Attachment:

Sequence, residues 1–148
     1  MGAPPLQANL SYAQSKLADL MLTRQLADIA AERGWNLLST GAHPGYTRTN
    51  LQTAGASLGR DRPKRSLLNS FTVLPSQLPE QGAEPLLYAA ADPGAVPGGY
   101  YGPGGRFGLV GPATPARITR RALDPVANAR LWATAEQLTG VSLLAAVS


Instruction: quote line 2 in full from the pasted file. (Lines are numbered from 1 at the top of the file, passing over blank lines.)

     1  MGAPPLQANL SYAQSKLADL MLTRQLADIA AERGWNLLST GAHPGYTRTN